Art of Character: Four Artist Exhibit @ the Corey Helford Gallery, Opening Sat. Jun 29th, 2019
Downtown Los Angeles’ Corey Helford Gallery is excited to announce Art of Character, a four-artist show unveiling a series of stunning new works by Los Angeles-based animator Andrew Brandou, Canadian illustrator Bennett Slater, world-renowned animator Jim McKenzie, and Argentine/American artist Ramiro Davaro-Comas.
One of the most popular movements within the New Contemporary scene are artists who explore the human condition through their own iconic characters. Born through a strange prism reflecting the antics of the most popular animated characters or the panels of the comics (notably Kaws’SpongeBobor Ronnie Cutrone’s Felix The Cat), artists have interpreted or created their own unique characters to capture our imagination. Opening Saturday, June 29th in Gallery 3, Art of Character will host a slew of characters from four talented artists.
Andrew Brandou’s new series, entitled The Giant Series: Mandala, touches upon consciousness and the psychedelic. In his show statement, he states: “The Bunny has been a part of my work for years and over time has played different roles. Each of these roles has represented an exploration of the varieties of psychedelic experience. In 2009, The Bunny and his world became overwhelmed by the hallucinatory flowers found in the Garden of the Mystic. Representing ego loss, the physical form of The Bunny and his world were in fact replaced by nothing but flowers, to a point of almost total abstraction. In 2014, The Bunny returned, now joined by his companion The Giant.
The Giant is a stand-in for a sense of peace and security which The Bunny has found since his breakthrough. Whether The Giant is physically there with The Bunny, at any given moment, is in question. Perhaps The Giant is simply a ‘higher power’ or ‘cosmic consciousness’ – a presence that The Bunny knows is there, but cannot define.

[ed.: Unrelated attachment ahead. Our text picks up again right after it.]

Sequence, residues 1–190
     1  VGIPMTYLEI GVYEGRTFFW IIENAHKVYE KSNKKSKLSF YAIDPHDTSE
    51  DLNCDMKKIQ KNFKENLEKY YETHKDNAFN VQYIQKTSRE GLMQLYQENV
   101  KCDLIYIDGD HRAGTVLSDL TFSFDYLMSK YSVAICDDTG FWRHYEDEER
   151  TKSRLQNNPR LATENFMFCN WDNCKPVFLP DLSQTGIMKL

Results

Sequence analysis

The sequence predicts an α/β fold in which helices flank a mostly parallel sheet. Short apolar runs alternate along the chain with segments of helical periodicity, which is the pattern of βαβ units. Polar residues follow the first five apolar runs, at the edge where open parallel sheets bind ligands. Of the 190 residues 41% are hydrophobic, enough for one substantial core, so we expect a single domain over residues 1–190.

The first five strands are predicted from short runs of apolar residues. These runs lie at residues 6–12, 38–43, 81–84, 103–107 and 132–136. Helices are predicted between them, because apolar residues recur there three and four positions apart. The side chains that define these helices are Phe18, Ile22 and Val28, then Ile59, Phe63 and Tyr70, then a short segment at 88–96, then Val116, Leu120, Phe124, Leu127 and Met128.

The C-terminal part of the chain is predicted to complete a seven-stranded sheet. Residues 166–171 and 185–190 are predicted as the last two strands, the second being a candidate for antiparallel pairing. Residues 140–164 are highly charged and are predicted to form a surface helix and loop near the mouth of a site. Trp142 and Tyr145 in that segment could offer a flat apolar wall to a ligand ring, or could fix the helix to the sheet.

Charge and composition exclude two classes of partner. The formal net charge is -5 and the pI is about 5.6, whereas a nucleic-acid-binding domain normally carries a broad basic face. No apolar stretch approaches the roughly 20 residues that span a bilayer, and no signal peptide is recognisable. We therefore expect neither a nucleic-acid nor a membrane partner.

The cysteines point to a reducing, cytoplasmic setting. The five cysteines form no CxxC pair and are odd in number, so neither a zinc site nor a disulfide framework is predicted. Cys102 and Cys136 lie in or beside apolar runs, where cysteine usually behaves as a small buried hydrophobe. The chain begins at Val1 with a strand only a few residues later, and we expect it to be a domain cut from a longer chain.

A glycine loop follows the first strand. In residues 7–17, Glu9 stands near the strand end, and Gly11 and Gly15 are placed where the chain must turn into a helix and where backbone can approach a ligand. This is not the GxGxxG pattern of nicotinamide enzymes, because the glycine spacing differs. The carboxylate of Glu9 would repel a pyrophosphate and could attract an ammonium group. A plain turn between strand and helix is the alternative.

The current works represent The Bunny’s meditation as focused on The Giant. Each piece takes the form of a kaleidoscopic mandala. While they may have elements of abstraction, each piece is revisiting works from the last decade. Imagery from The Garden of the Mystic comes to the fore with imagery from today and fades again, just as The Bunny’s meditation searches for self-unity.”
Bennett Slater is inspired by the relationships the future shares with the past; the new from the old, life from death. Utilizing traditional oil methods on wood, his work plays with techniques borrowed from Flemish and Dutch master disciplines combined with bold, geometric forms linked to more contemporary futurism and deco sensibilities. This dichotomy of contrasting artistic disciplines and influences lends itself to the underlying dualities observed in his work.
Regarding his new show, entitled Goody Gumdrops, Slater shares: “With age, the idea of a ‘simpler time’ melts away, revealing new truths. The hard, molded shells of innocence become soft and malleable as life’s experiences beat down- bleaching the rose of our cheeks, and weathering down our more delicate edges. We begin life in a mold; decisions made about us and opinion dictated for us. Some wish to remain in their cast, functioning in a life of perceived form. Others choose a life determined to strip away all remnants of their mold in an effort to realize their own truth. There is no such thing as a simple life, but the desire to achieve one drives so many of our base impulses. Why can’t I be as happy as the kid on the Popsicle box?
In a time few would call ‘simple,’ the dream of our own perfect tomorrow seems less straightforward, but nevertheless desired. This series aims to capture the textures, smells, tastes, and essence of a ‘simple time’ – even if it only existed on a screen – and begin to bend, melt, and skewer that idyllic perception to reveal truer experiences and fulfill deeper desires.”
Jim McKenzie isknown for his detailed character-based sculptures and cinematic art process videos. Though his whimsical esthetic is visually vibrant and at times satirical, McKenzie’s characters share underlining themes of distress, and melancholia, stemming from everyday life.